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Sue Equifax for unresolved credit report disputes

Welcome to Consumer Attorneys! We are responsible for helping protect consumers' rights under consumer protection laws. When damaging credit report errors are not removed, our professionals step in to right the wrong.

Credit report errors are very common. Erroneous information can remain on a consumer's credit report for years without their knowledge. Despite how common these mistakes are, Equifax is not responsible for overseeing credit report accuracy. Consumers are actually saddled with this responsibility. Equifax has been sued multiple times for not properly addressing consumers' attempts to dispute these damaging credit report errors.

American businesses and consumers place their faith in Equifax as a major reporting agency that provides credit reports and credit scores, as well as screening services when landlords need tenant information, when lenders require employment verification for borrowers, etc.

However, that faith can be shattered when Equifax does not remove damaging errors on credit reports, which can send credit scores into a nosedive.

Credit report errors run rampant

A major study conducted by the Federal Trade Commission in 2012 found that one in four American consumers had at least one error on their credit reports. During 2020, American consumers filed more than 280,000 complaints concerning credit report mistakes.

Negative content on one's credit report, whether included nefariously or accidentally, can tarnish one's coveted credit standing and contribute to being denied a car or home loan, not being considered as a tenant for a rental property, being bypassed as a job candidate, and more.

Mistakes can sneak in and outdated information can remain on credit reports for many reasons, such as clerical errors or fraud. Because of this, Consumer Attorneys encourages you to visit annualcreditreport.com to secure your free credit report from Equifax and the other two major credit report bureaus. If any information looks unfamiliar or questionable, give us a call at (877) 615-1725

The Fair Credit Reporting Act is your ally

The Fair Credit Reporting Act (FCRA) protects consumers' rights in a number of critical ways. As it applies to credit reports, the FCRA gives consumers the right to:

  • Obtain a copy of their credit reports
  • Determine who can view their files
  • Know when a credit report is being used against them
  • Dispute Equifax and other credit reporting agencies regarding errors on their credit report
  • Receive punitive and statutory damages when credit report agencies and/or their furnishers have demonstrated intentional negligence by not properly addressing disputes

Sue Equifax for unresolved credit report errors

You may have legal grounds to sue Equifax for credit report errors that continue to languish after a proper dispute process. Here are just a few examples of lawsuits that were filed against Equifax for that very reason:

  • A plaintiff alerted Equifax that the plaintiff had become a victim of identity theft. The plaintiff followed protocol by disputing two fraudulent accounts on his Equifax credit report. The official dispute included a police report and an identity theft affidavit, which were submitted to Equifax. Nonetheless, Equifax did not block the fraudulent accounts and verified them as accurate.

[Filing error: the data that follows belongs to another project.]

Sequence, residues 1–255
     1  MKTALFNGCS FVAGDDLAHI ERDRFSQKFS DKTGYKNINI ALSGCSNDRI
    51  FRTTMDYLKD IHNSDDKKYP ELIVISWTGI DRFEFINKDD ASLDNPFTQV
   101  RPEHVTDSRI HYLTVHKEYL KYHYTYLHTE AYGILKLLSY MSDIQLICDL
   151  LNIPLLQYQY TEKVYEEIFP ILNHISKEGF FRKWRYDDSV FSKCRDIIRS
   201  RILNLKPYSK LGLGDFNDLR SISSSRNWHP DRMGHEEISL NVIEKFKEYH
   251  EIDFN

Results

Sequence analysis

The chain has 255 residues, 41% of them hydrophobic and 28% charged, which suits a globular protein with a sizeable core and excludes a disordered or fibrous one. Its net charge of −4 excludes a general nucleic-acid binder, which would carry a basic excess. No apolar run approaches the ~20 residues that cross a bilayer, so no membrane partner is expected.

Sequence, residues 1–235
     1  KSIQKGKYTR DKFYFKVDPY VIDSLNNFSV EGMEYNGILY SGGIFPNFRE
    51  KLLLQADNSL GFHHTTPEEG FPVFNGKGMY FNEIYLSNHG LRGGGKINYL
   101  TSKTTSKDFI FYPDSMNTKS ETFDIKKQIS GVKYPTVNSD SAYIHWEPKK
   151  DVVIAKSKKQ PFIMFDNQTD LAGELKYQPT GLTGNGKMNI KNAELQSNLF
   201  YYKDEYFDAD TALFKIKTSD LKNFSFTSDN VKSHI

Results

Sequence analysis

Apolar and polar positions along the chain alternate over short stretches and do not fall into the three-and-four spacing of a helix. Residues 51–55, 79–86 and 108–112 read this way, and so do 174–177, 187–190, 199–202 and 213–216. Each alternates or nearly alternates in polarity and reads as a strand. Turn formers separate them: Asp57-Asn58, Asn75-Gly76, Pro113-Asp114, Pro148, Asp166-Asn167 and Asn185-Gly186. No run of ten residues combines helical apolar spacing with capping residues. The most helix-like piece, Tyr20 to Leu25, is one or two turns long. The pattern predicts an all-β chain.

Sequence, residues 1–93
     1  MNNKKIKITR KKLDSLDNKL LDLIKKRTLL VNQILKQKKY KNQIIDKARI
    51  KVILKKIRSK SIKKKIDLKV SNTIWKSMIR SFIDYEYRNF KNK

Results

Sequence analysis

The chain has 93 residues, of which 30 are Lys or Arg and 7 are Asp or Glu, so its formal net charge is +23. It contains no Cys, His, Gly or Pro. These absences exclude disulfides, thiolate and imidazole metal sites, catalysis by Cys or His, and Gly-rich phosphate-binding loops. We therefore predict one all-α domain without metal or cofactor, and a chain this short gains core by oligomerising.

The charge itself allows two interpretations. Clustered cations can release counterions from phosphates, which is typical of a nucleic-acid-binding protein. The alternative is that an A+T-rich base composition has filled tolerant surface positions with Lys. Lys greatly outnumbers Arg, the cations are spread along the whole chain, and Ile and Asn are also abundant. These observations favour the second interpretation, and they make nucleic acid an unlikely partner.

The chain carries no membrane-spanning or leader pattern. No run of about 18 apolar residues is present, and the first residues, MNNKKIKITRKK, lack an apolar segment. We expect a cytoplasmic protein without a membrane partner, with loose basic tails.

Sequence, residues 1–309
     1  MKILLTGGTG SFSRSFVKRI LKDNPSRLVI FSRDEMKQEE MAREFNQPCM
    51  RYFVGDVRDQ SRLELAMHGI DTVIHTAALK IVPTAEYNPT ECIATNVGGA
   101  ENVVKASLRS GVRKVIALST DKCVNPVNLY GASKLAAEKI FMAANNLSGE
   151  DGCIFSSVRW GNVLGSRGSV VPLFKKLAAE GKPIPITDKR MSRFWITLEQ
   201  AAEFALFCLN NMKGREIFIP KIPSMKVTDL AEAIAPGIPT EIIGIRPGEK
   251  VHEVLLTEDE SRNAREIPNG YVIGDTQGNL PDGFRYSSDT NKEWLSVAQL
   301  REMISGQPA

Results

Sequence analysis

• A plaintiff's Equifax report contained two collection accounts. Both accounts belonged to the plaintiff's son, not the plaintiff. He disputed the accounts with Equifax, which failed to perform a reasonable investigation while continuing to verify that the collection accounts were accurate.
  • A plaintiff traded his vehicle to a car dealership, but the dealership failed to make a timely payoff to Capital One Financial Corporation. Once that payment was listed on the plaintiff's Equifax credit report, it was indicated as late. The dealership acknowledged its mistake. The plaintiff contacted Equifax and disputed the late payment. The dispute included a letter from the dealership admitting the error. Still, Equifax erroneously listed that the plaintiff had made a late payment. The plaintiff had no other late payments.

Equifax also made the spotlight in 2017 when it fell prey to a major data breach. Approximately 143 million Americans became victimized since their names, addresses, Social Security numbers, driver's license numbers, and other sensitive information had been accessed. Was your personal information part of that breach?

If you wish to contact Equifax for a credit report error dispute, you can access Equifax's online dispute form, call Equifax's toll-free number at (866)349-5191, or write a dispute letter and mail it to Equifax.

You can obtain additional information at equifax.com

Credit report errors still there? Let's change that!

Your efforts to resolve credit report errors may not generate satisfactory results. Equifax has a 30-day window to rectify mistakes. After that, you may notice that the credit-report errors are still present. If this situation applies to you, you may have a right to sue Equifax.  

At Consumer Attorneys, we are ready to assist you with a lawsuit against Equifax for unresolved credit-report errors, which may be hurting your credit score. Consumer Attorneys can connect you with a credit report attorney who will assess your situation as part of a free case review. You can also take advantage of a free credit report analysis. Your circumstances may entitle you to substantial financial damages.

Through Consumer Attorneys, you pay no out-of-pocket fees. Our credit report attorneys only receive a fee if they win on your behalf!

Equifax Lawsuits and Cases

These are real cases filed by Consumer Attorneys’ clients. If you have experienced any similar issues, you may have a case against Equifax.

Francisco C. v. Equifax and Experian (California):  Francisco was inaccurately reported as deceased on his Equifax and Experian credit reports. Because of this erroneous reporting, Francisco was unable to rent a car and missed an important appointment with a heart specialist to treat a medical condition. Additionally, he was unable to apply for additional credit or generate a credit score. This caused him to face severe and lasting financial and medical adversity, and both Equifax and Experian ended up settling out-of-court for substantial cash compensation. 

Adnan P. v. Equifax, Experian, and TransUnion (Arizona):  Adnan's Discover card was incorrectly charged 100 times the proper amount for a rental truck. Because he was unable to make this payment, his account was then reported as charged-off by Equifax, Experian, and TransUnion. Despite his multiple disputes, Equifax, Experian, and TransUnion continued to verify the inaccurate charge-off on the account. Adnan’s credit was destroyed, and he was unable to obtain financing for his future plans. We sued all three of the agencies involved, and Adnan received a combined 5-figure settlement to help him get his life back in order.